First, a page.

Nvidia has three more AI chips for China, circumventing US bans again
When the US Commerce Department first imposed restrictions on companies, stopping them from supplying advanced chips and chipmaking equipment to China in October 2022, it impacted Nvidia’s A100 and H100 chips. But it didn’t take long before Nvidia unveiled the A800, a pared-down version of the A100, as a workaround for export restrictions. Subsequently, in March 2023, Nvidia introduced the H800 as a substitute for the banned H100 chips, aligning its performance with the criteria set by the Commerce Department.
For the US, the goal is simple: to curb China’s ability to produce cutting-edge chips for weapons and other defense technology. So, in an anticipated move, the US came up with fresh regulations in October this year, promptly limiting the export of both the A800 and H800 chips tailored for China. Nvidia’s initial strategy of an additional 30 days to fulfill more orders was rendered obsolete.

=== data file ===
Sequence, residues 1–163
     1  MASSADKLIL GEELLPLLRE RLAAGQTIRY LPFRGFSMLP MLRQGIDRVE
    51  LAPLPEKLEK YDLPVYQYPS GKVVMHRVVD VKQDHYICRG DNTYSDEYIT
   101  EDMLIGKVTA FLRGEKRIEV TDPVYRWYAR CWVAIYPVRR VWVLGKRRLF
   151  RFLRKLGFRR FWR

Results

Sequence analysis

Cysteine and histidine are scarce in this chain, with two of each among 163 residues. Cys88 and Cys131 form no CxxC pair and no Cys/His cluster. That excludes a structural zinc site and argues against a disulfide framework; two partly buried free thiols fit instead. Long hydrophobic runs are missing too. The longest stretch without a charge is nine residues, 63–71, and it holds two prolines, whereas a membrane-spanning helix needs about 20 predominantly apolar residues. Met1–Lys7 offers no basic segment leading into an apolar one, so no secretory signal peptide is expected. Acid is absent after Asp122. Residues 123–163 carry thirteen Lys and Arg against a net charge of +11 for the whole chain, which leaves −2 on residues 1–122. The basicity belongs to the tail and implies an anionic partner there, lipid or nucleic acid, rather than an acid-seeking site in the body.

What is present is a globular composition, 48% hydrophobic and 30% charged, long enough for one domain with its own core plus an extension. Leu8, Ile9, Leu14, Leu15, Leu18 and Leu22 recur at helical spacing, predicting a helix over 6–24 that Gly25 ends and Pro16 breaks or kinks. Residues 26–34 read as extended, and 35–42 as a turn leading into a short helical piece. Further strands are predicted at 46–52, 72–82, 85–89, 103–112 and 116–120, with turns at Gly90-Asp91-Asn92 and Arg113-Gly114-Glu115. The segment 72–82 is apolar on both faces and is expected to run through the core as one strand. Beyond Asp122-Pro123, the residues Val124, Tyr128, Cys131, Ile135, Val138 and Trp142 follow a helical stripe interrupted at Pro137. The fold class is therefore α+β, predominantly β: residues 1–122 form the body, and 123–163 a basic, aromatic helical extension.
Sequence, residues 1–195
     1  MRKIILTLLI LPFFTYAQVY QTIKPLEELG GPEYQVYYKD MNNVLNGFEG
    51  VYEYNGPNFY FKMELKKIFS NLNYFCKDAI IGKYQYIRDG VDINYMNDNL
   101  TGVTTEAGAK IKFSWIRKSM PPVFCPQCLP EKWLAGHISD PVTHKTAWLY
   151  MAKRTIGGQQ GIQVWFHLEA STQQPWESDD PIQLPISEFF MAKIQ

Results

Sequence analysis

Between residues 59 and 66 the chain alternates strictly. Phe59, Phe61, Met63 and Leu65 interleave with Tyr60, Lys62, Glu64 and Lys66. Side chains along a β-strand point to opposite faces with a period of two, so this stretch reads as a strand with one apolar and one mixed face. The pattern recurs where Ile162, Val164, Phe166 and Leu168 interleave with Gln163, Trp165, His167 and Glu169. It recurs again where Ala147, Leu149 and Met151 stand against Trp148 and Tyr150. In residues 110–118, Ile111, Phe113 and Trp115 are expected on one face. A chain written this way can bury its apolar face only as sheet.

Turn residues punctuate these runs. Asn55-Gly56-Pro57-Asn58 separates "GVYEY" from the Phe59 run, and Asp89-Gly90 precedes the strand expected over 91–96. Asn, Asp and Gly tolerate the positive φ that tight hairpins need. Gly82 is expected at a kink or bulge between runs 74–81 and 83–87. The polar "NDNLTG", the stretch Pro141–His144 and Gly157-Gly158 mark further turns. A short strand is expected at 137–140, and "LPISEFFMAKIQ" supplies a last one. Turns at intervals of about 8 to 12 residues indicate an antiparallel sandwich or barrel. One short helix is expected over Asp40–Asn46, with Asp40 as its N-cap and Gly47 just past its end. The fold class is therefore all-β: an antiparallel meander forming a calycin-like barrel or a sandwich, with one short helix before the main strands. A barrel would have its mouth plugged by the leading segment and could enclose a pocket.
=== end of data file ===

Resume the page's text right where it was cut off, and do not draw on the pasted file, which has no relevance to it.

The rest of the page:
But Nvidia is determined to maintain its supply for China. After all, China’s revenue share of Nvidia’s data center business is around 20-25%, which grew 171% year-over-year last quarter, generating more than US$10 billion. The demand for Nvidia’s chip is too prominent to be ignored. So much so that the cost of an Nvidia AI chip on the underground market in China this past June had hit US$20,000, double the retail price.$NVIDIA(NVDA.US)$
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